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13 rolls of film waiting to be scanned.

Next was assembling the footage in Adobe Premiere! My husband and bandmate, Matthew Thomson, took care of editing the footage together. After a few test scenes, we tried 3 frames per second, which we decided was too slow and painful to wait for the action to move. The final magic number was 4 frames per second. It felt like a comfortable pace. Long enough to notice what was going on. Fast enough to keep your attention.

I should note at this point that I do own the Lomokinoscope and the smartphone holder so that you are supposed to be able to screen the footage within the viewer and film it with your smartphone using the Lomokino app as a fast alternative to the process explained above. It was a disaster. The teeth on the Lomokinoscope did not always grab the film to advance the roll. When this happened the frame didn’t line up nicely with the viewer anymore. So you would have to adjust the frame within the viewer and try again. It also ripped some of the film while it was trying to advance it. I will never use it again.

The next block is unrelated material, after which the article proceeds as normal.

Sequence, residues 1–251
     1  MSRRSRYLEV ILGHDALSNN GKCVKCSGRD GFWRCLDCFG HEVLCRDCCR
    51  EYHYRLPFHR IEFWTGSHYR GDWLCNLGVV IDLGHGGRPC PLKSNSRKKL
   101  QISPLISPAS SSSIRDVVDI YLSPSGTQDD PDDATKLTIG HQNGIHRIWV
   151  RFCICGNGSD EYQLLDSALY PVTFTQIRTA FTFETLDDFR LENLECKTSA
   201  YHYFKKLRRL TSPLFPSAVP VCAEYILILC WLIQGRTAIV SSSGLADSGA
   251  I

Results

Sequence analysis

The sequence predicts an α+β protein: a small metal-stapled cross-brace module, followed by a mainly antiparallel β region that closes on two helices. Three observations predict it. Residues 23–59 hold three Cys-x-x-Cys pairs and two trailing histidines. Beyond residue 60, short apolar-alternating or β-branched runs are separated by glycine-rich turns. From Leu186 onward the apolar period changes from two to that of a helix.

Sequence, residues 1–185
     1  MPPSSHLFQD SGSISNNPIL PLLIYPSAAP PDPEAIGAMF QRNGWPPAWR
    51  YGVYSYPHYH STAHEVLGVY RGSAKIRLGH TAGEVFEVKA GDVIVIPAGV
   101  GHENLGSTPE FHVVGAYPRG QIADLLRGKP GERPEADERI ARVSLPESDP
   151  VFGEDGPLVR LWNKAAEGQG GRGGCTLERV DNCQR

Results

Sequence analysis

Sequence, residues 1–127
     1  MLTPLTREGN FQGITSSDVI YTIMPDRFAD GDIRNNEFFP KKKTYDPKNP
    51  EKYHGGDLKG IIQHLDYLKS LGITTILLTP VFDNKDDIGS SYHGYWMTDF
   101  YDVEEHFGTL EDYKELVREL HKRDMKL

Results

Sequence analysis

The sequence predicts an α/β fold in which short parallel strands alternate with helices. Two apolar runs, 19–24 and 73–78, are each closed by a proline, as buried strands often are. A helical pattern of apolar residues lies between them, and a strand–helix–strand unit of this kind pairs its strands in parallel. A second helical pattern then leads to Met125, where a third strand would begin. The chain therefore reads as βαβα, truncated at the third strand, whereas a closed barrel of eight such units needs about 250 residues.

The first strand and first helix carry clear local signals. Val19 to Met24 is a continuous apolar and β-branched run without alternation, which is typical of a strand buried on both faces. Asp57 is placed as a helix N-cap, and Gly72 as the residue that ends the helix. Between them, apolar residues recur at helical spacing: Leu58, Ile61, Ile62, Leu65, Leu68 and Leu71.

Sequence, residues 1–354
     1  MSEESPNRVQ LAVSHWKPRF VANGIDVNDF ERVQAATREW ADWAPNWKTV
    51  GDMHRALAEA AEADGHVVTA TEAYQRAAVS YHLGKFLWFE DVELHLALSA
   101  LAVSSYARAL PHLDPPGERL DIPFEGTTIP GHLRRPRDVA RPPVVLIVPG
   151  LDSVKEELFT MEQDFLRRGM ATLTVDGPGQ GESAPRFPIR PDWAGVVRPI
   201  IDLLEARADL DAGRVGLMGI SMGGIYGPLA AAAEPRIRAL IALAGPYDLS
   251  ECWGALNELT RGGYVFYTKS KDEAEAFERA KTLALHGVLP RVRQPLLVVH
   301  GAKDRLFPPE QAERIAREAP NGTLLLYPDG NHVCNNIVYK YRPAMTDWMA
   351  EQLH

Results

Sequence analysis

The video is for the band I play in, Land of the Lakes. It is for the song I Will Turn from our 2015 self-titled album. All in all, I am happy with how it turned out. I will definitely try using this camera again with my own improvements in mind for scene length and camera movement. It was well-worth the considerable amount of effort.

Here it is!

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Vivitar IC111 – Lucky 200 redscaled film

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The Vivitar IC111 completes my collection of point and shoot Vivitars. It joins my IC101 panorama (which is one of my favourites), the Vivitar Ultra Wide and Slim (also amazing), and the PN2011 (will probably never use again). The IC111 is identical to the IC101, only it is full frame instead of cropped into a panorama photo. It is also absolutely identical to the build-your-own camera kit that I bought a few years ago  that failed miserably. It is the same color, shape, right down to each mechanism. Only this one works. The camera I built does not advance.

What I like about these Vivitars (IC111, IC101, UWS) is that they occupy a space between sharp and dreamy images with just the right amount of both. They aren’t going to give you amazingly professional images, obviously, but that’s not what I’m looking for.

This roll has actually become one of my all time favourites. I have a few of them in frames around my apartment. I LOVE Lucky Charm 200 film redscaled! So cheap, so good.

Also, on a sad side note, I believe this is my last roll of film taken while living in Montreal. Next up, my summer adventures in 2011 (I’m so behind in these posts).

Camera: Vivitar IC111
Film: Lucky Charm 200 redscaled 35mm
Location: Montreal in May 2011